Work with GitHub repositories using Git menu of Visual Studio
Visual Studio 2019 now presents a new Git menu and improved source control
experience. It is worthwhile for any beginner in ASP.NET Core 5.0 to familiarize
themselves with these new features. To that end this article takes a quick look
at some of the common options available as a part of the new Git
Let's get going!
Begin by creating a new ASP.NET Core MVC project named HelloGitHub using
The following figure shows this newly created project in the Solution
At this stage HelloGitHub is not under any source control. Let's use Git as
the source control mechanism.
You will notice that there is a new top level menu called Git. Opening the
menu will reveal the following menu options.
First we will create a Git and GitHub repository for the HelloGitHub project.
To do so, click on the Create Git Repository menu option. This will open the
Notice several sections of this dialog. The Local path is where your local
Git repository gets created. Typically your project's local folder will be
selected here. Under that folder a .git subfolder gets created for the local Git
To create a GitHub repository you need to sign-in using a Microsoft Account
or GitHub Account.
You can also specify a repository name. By default project name is used as
the repository name. Also, by default the Private repository checkbox is checked
indicating the repository is going to be a private one. Uncheck it if you want
to create a public repository.
At the bottom of the dialog you can also see the URL of the GitHub
Click on Create ad Push button to create the new repository and push all your
code to it.
After successfully creating the repository your Solution Explorer should
display locks for all the files that are now added to the source control.
Just to confirm that a new GitHub repository has got created, go to your
GitHub account. You should see the newly created repo there.
As you can see, a private repo named HelloGitHub exists under your GitHub
Now let's make some changes to our code and push it to the HelloGitHub
Open Index.cshtml file from Views folder and modify it as follows:
ViewData["Title"] = "Home Page";
<h1>Hello from new Visual Studio Git experience!</h1>
<p>Learn about <a href="https://docs.microsoft.com
/aspnet/core">building Web apps with ASP.NET Core</a>.</p>
Save the file. Then click on the Git menu and select Commit or Stash menu
This will open Git Changes window as shown below:
Here, you can specify a commit message and click on the Commit All and Push
option. This will commit all the changes to local repository and also push them
to GitHub repository.
After a successful push your GitHub repo should reflect the change.
Now let's see how to Pull from GitHub repository. First we will do some
modifications to the Index.cshtml file outside Visual Studio and then we will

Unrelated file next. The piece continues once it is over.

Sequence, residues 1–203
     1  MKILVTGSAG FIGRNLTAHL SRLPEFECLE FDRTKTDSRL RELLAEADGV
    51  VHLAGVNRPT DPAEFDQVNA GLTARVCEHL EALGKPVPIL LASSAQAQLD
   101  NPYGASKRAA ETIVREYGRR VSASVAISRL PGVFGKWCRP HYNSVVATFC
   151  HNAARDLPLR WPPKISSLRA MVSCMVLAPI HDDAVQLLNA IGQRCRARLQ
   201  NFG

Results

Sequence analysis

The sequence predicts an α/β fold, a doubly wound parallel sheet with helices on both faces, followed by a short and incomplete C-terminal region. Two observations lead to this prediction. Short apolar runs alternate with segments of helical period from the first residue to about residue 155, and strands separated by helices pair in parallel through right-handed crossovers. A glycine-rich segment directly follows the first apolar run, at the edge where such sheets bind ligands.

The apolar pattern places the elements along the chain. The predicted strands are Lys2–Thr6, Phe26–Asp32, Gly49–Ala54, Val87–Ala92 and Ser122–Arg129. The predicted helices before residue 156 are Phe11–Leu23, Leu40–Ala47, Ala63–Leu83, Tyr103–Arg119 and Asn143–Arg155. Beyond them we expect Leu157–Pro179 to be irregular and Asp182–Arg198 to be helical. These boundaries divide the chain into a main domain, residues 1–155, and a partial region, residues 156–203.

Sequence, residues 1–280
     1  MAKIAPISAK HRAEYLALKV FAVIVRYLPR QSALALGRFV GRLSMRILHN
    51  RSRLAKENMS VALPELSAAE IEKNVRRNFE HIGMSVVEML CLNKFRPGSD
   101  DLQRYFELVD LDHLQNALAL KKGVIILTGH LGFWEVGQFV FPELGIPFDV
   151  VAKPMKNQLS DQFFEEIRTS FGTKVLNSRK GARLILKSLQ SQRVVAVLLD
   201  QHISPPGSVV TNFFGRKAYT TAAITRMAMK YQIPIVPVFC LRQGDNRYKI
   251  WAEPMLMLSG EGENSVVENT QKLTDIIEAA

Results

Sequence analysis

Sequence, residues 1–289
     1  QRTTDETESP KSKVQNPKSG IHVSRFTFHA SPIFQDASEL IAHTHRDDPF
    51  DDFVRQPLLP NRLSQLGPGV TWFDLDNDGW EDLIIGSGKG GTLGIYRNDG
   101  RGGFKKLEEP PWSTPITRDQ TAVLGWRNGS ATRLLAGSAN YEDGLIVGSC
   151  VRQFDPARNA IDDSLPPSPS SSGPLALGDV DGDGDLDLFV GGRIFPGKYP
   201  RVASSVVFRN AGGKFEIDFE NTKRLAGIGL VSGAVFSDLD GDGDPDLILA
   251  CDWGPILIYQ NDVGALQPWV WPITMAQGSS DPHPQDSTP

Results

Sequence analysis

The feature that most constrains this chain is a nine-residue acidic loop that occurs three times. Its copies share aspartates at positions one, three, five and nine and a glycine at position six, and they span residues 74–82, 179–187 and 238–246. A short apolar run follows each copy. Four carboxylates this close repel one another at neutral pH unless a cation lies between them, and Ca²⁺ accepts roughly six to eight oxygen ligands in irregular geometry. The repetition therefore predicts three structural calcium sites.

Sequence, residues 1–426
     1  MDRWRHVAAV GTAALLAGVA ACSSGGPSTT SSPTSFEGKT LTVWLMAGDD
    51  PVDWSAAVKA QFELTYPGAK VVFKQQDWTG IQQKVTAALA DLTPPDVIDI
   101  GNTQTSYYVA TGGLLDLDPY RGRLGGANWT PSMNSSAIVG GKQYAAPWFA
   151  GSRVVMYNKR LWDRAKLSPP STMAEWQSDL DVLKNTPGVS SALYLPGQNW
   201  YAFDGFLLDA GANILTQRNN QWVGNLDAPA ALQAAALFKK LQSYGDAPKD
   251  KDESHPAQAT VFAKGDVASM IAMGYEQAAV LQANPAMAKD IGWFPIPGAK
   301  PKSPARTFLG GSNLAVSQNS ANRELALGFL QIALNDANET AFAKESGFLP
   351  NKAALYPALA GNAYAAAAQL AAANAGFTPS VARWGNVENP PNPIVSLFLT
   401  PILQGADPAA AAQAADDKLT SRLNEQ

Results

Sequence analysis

pull the changes using Visual Studio.
Go to your repository using GitHub web interface and change Index.cshtml (you
can change the heading we added previously) using the Edit option.
At this stage your local Index.cshtml won't have the changed content. Click
on the Git menu and select Pull menu option.
The changes will be pulled from the remote repository and local Index.cshtml
will now reflect the changes.
Next, go to web interface again and change Index.cshtml yet another time.
Also change the local Index.cshtml in Visual Studio IDE and commit the changes
to local repository. At this stage your remote Index.cshtml have some changes
that weren't pulled into your local version. And now you have changed the local
version and are trying to update the remote repository.
When you try to Push the changes you will get an error.
As you can see, VS detected that there some conflict between local and remote
code and it asks you to Pull the remote code first before you push.
Click on Pull and Push button. You will get this message in Git Changes
The VS editor will also have Open Merge Editor option as shown below:
Click on it will open another window that highlights the conflict from local
and remote files.
This windows has three sections - remote file on the left side, local file on
the right side, and the final result based on your action at the bottom.
Suppose we want to keep the changes from our local file. So, check the
checkbox from the right side pane. The result pane will reflect the final
outcome. Then click on the Accept Merge option at the top.
Finally, try to commit and pull the code again. This time it will
successfully take the local changes to the GitHub repository.
The Git menu also allows you to view history and manage branches. For
example, the following figure shows Manage Branches window.
Let's conclude this article by learning how to Clone a Git repository using
Click on the Clone repository menu option.
This will open the following dialog:
Here, you can either enter URL of a Git repository to be cloned or you can
also browse from GitHub using one of the Browse a repository options.
For this example I am going to enter URL of the HelloGitHub repository we
created earlier. The Path textbox is where you specify a local folder to keep
the repository files.
After clicking on the Clone button VS will do the needful :
and will load the project in Solution Explorer.
You can now work with the project and do all Git operations as discussed
I hope you got some idea about the new Git experience offered by Visual
Studio. To read more go
That's it for now! Keep coding!!